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Thread: Working 4 10 hour days

  1. #1
    Cyburbian MD Planner's avatar
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    Working 4 10 hour days

    We are floating the idea of going to a 10 hour workday so everyone gets an extra day off every week. The day off would rotate. The issue I'm having is with the multiple night meetings that we have and how to deal with that. We've got a department of 14 or so professsionals. Does anyone else do this and how does it work? If so, would you be willing to share your documents that outlines how you operate such an endeavor?
    He's a planner, he's a dreamer, he's a sordid little schemer,
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  2. #2
    Cyburbian MacheteJames's avatar
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    I think a mandatory 10 hour workday is a terrible idea for people who need to pick up kids from daycare or have other early morning or evening commitments. However, a "summer hours" option that gives staff the option to work a longer day and have an additional day off a week could be great.

  3. #3
    Cyburbian
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    I don't think it should be mandatory at all. I would cry if I had to work 10 hour days every day, even if it meant getting an extra day off once a week. We have one person in our office that does 9 hour days and every other Monday off. But he's not someone that typically needs to be available to customers during the day.

    The only benefit I could see to making it mandatory would be if they were going to extend the hours the department was open to better accommodate citizens. Barring that, there's no reason to require it. See who's interested in and then work out schedules from there.

  4. #4
    Cyburbian Plus dvdneal's avatar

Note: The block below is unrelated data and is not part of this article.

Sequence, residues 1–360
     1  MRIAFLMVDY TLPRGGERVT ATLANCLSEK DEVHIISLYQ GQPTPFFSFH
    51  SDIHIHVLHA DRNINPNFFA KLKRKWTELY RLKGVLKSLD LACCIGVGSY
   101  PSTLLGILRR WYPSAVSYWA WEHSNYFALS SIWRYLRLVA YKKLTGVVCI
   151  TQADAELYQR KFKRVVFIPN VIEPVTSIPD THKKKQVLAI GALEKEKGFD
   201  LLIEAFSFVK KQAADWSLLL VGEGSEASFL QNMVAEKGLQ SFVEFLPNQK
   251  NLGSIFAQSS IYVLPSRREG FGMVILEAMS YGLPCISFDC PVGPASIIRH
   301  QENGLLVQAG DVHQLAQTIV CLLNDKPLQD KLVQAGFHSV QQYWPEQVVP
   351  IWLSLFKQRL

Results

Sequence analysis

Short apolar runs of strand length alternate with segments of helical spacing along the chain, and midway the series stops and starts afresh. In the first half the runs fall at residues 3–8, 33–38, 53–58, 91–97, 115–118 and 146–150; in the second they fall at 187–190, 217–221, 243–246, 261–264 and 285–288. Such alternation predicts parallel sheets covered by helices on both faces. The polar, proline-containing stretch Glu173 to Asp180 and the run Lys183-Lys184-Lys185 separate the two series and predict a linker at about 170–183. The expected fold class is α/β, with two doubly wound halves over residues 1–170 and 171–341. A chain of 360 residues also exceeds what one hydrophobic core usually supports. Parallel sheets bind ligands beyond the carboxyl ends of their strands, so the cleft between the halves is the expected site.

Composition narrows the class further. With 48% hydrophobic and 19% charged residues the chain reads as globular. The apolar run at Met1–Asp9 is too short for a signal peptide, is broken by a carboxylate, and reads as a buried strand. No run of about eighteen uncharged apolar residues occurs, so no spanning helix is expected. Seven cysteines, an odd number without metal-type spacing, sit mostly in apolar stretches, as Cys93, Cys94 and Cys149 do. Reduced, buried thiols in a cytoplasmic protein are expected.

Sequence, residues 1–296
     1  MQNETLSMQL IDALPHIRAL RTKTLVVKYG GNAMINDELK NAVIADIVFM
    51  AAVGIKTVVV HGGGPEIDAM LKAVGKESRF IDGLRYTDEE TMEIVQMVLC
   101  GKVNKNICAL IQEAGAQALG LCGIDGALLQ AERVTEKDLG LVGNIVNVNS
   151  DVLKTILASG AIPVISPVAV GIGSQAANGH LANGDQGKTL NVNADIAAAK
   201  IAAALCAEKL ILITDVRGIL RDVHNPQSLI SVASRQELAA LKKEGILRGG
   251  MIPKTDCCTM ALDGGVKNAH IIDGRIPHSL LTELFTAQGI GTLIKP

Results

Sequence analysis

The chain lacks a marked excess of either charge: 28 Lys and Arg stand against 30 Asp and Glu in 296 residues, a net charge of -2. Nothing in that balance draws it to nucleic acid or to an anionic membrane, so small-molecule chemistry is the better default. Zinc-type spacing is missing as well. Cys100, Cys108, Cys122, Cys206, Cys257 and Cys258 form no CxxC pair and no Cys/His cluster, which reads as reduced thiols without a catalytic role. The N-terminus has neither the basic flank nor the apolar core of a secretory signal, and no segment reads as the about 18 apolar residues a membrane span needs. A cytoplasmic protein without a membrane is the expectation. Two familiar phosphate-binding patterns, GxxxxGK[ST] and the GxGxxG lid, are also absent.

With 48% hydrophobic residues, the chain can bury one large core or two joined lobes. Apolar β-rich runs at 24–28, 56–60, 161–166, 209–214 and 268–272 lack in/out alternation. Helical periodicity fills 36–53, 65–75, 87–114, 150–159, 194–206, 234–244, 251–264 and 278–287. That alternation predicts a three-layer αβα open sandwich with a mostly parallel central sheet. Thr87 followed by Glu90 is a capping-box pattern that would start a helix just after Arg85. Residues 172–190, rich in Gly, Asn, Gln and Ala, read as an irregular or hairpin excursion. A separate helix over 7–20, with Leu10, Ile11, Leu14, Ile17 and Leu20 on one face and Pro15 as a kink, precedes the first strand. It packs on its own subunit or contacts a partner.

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    4-10s killed me. Even with not having to pick up kids or anything. It was a long day. Nothing got done by the end of the day because we were all burnt out and it took us longer to warm up in the morning. When I got home I crammed down dinner, said hi to the kids, sent them to bed, and it was about bedtime for me. My favorite schedule is the 9-80 schedule. You work only an extra 1/2 hour Mon-Thur. Regular 8 hour shift on Friday. Same thing next week, but you get Friday off. I'm also a big proponent of flex schedule options. If someone wants to work 4-10s and it works for the city/company let them. My assistant and I both work 40 hours weeks, but we shift who comes in early so one of us is always leaving early and the other is covering the office until 5.

    If you're going to get stuck doing it, might I suggest that meeting day, say Tuesday, is never a day off. It would just bypass every Tuesday like it doesn't even exist.
    I don't pretend to understand Brannigan's Law. I merely enforce it.

  5. #5
    Cyburbian MD Planner's avatar
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    Thanks all. At this point it has never been suggested that it would be mandatory but an option. Another one of the problems is that besides Friday EVERYDAY can potentially be meeting days (nights).

    DVD I don't understand how your math works out. If you work an extra half hour for 8 days of a 10 day pay period that only equals 4 hours so how do you then get a whole day off?
    He's a planner, he's a dreamer, he's a sordid little schemer,
    Seems to think that money grows on trees . . .

  6. #6
    moderator in moderation Suburb Repairman's avatar
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    I can tell you my 4-10 story... A former employer had flex scheduling that allowed me to do 4-10s. What happened in reality is that I still ended-up coming in every Friday due to the nature of the job and a disrespectful boss that didn't see it as a big deal to make those of us working flex schedules come in. I eventually quit and came to my current employer.

    I don't think 4-10s work well in high public content departments like planning & building. We usually don't have enough staff to really cover the flex day sufficiently without really screwing productivity.

    "Oh, that is all well and good, but, voice or no voice, the people can always be brought to the bidding of the leaders. That is easy. All you have to do is tell them they are being attacked and denounce the pacifists for lack of patriotism and exposing the country to danger. It works the same way in any country."

    - Herman Göring at the Nuremburg trials (thoughts on democracy)

  7. #7
    Cyburbian Plus dvdneal's avatar
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    Quote Originally posted by MD Planner View post